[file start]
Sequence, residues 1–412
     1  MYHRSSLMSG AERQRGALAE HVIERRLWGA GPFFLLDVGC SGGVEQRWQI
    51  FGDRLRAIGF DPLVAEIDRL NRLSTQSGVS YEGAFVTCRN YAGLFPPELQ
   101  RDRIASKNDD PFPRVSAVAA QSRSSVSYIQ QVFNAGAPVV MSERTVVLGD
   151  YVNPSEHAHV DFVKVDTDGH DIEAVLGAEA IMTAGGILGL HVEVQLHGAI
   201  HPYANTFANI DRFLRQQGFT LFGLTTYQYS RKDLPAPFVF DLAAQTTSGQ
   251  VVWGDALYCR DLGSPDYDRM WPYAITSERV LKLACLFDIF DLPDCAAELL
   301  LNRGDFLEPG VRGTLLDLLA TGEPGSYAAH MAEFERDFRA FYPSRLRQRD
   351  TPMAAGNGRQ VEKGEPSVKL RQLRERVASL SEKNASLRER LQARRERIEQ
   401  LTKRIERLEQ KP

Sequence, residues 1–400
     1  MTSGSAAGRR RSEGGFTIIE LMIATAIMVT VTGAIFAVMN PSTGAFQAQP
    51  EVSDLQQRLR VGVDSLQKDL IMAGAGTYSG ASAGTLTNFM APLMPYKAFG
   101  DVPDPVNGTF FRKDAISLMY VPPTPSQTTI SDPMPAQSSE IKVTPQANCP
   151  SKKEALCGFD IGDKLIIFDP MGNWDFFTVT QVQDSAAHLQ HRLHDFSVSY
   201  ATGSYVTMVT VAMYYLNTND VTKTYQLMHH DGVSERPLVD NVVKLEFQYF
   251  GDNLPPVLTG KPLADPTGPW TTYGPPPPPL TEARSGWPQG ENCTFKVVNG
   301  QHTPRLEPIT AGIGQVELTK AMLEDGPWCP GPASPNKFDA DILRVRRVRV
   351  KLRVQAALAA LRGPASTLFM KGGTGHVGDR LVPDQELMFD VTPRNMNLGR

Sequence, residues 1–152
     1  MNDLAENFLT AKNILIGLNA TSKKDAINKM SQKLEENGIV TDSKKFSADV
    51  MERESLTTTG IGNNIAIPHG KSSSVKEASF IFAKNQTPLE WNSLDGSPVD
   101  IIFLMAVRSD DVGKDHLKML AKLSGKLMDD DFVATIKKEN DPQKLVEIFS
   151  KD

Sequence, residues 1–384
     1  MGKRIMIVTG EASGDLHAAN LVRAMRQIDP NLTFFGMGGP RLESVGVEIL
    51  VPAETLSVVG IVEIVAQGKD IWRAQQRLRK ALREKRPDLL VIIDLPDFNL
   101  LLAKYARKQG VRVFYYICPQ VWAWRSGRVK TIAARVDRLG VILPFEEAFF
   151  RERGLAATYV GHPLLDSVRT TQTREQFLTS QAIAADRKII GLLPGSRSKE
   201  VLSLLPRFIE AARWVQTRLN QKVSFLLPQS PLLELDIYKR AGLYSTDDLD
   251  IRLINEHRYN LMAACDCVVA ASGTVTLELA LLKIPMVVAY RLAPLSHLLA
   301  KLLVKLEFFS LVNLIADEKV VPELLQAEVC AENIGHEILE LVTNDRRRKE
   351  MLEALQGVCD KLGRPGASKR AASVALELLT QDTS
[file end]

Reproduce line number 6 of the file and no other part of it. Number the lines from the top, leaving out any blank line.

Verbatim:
   201  HPYANTFANI DRFLRQQGFT LFGLTTYQYS RKDLPAPFVF DLAAQTTSGQ